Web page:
Not long ago in two theaters not far away, two wildly different stage shows opened that are both basically grab bags of amusing personal anecdotes, in one case from a second-generation movie star once played by Meryl Streep, and in the other from a Thai-American playwright whose last play was The Fabulous Adventures of Captain Queer. She's the actress formerly known as Princess Leia, and his name is Prince Gomolvilas, respectively.
Carrie Fisher's one-woman show Wishful Drinking premiered at Los Angeles' Geffen Playhouse in 2006. When it was announced as a late-breaking addition to Berkeley Rep's season, artistic director Tony Taccone said that he and Fisher would be working hard to tighten the show. It doesn't look like that work ever happened, or for whatever reason it simply didn't take.
A newly blonde Fisher comes in singing "Happy Days Are Here Again" over a video collage of tabloid headlines about her celebrity parents' marital troubles (like when her father Eddie Fisher left mother Debbie Reynolds for Liz Taylor) and her own hospitalizations for drug addiction and bipolar disorder.
It's a lot like having Fisher sitting in a living room regaling you with anecdotes about her fascinating life — which is both the appeal and the problem. It's a hoot for a while, but after a couple of hours of this you don't want to be rude but would really like to go home.
Fisher sits on a comfy chair and a couch chain-smoking and drinking Coca-Cola Zero. She drafts a front-row viewer to try the soda and demands that people buy it so Coke won't stop making it, as one of many forced audience-participation shticks throughout the evening. Every time she lights a clove she makes a crack about how the writer made her do it — the joke of course being that she's the writer.
The show's essentially a stream-of-consciousness showcase of gags she's developed and learned by heart through years of recovery speeches and awards ceremonies. The fact that both her parents and George Lucas were in the audience on opening night added some celebrity-roast zing to quips about them. But each section goes on too long, there's no narrative arc, and it's hard to imagine that this stuff is actually written down.
She breezes through her parents' ill-fated romances, the Star Wars anecdotes, her brief marriage to Paul Simon, having the father of her daughter tell her belatedly that he's gay, and even finding a friend dead in her bed in the morning. She refers often to her drug addiction and manic depression, not with any specific anecdotes but with a barrage of one-liners and flip parenthetical asides.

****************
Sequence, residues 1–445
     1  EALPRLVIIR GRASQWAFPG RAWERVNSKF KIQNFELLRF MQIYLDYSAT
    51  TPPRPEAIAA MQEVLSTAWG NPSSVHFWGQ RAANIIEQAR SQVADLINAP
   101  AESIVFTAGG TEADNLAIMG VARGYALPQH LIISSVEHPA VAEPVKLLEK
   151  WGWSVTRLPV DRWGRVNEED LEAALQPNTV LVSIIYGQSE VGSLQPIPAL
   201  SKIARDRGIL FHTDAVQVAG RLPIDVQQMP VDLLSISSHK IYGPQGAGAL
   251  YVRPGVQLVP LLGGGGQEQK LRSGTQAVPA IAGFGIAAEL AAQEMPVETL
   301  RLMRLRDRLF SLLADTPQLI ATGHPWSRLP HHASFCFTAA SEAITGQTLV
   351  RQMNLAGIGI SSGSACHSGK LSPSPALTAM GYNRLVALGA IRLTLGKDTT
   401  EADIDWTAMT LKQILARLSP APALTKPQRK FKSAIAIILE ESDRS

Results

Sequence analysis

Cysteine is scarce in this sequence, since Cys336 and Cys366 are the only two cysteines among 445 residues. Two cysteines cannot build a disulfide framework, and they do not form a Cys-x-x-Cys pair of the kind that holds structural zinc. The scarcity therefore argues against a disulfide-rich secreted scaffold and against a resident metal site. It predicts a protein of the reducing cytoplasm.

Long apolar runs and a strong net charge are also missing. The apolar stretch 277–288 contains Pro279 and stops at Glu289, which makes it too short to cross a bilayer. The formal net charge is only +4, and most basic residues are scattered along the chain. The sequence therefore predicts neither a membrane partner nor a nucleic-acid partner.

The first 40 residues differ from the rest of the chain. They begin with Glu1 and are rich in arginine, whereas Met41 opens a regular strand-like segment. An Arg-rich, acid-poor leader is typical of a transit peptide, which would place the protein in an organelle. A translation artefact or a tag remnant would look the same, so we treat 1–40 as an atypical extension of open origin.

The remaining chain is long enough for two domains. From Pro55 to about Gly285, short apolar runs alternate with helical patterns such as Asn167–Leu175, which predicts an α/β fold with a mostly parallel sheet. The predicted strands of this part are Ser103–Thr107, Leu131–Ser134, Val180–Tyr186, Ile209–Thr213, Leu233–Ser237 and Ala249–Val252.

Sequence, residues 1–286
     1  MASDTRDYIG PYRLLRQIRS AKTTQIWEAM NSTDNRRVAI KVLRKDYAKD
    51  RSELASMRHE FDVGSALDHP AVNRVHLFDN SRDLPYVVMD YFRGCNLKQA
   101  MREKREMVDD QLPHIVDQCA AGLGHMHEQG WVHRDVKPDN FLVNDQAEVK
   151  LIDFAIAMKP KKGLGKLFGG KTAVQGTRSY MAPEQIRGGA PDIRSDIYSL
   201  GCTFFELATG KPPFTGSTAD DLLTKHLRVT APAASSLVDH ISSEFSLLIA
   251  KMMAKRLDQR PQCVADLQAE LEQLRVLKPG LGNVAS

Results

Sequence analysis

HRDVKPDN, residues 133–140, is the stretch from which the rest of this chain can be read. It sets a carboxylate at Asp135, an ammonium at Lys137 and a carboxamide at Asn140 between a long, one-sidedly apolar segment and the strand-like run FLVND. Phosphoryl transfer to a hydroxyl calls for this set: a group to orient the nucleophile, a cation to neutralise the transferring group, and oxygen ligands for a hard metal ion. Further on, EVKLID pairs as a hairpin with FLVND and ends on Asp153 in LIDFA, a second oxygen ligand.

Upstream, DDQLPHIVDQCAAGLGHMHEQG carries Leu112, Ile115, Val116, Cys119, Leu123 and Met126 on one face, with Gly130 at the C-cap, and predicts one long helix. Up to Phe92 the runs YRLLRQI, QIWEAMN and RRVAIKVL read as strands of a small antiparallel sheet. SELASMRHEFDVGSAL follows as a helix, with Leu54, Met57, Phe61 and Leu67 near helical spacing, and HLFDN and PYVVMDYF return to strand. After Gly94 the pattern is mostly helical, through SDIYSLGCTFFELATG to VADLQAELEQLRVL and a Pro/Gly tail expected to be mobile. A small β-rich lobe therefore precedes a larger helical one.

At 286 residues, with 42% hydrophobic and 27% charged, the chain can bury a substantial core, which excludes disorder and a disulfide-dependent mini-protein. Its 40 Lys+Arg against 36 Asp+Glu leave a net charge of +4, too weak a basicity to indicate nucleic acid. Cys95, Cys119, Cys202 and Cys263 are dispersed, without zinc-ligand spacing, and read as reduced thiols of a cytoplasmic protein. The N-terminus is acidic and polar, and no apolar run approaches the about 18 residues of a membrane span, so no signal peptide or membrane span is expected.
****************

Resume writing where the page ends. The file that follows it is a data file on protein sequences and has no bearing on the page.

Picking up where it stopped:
Her glibness is more than a defense mechanism — it's a survival skill.
"If my life weren't funny, it would just be true," she says, "and that's unacceptable."
There are worse ways to spend an evening than listening to Fisher's stories, but as funny and charming as she is, in the end her monologue is exhausting and less than fulfilling.
"I know we don't know each other that well, but that's going to change so much, you're going to feel like you have to divorce me by the end of the night," Fisher says. It's funny because it's true.
Ten blocks and yet light years away in Impact Theatre's pizza-parlor basement space, playwright-turned-storyteller Prince Gomolvilas and singer-songwriter Brandon Patton are doing a show that's also a random assortment of personal anecdotes and songs, but in their case it's random because the audience selects most of the playlist by luck of the draw.
This is the second time the two have done their Jukebox Stories show as part of Impact's season, and Jukebox Stories: The Case of the Creamy Foam adds a loose murder-mystery framing device that's mostly an excuse for audience guessing games to win fabulously cheesy prizes.
They take turns sitting back while the other does his thing, Gomolvilas reading his sister's MySpace profile or telling stories about encounters with Maury Povich and Green Day, and Patton accompanying himself on acoustic guitar for funny ditties about humoring a girlfriend, a disillusioning Green Tortoise trip, or a woman who seems gay but isn't. The pièce de résistance is Gomolvilas' hilarious tale about how an online review he wrote about High School Musical 2 being incredibly gay led to death threats from tween girls.
For all its unabashedly scattershot nature, Jukebox Stories hold together better as a theatrical evening than Fisher's Drinking does, with delightful running jokes, audience participation that actually works, a satisfying finale and showmanship bordering on hucksterdom. When Patton sings, "Help Me Get Paid to Talk About Myself," not only don't you mind the $15 you paid to hear them do just that, but you might come back again to see what's in the mix next time.
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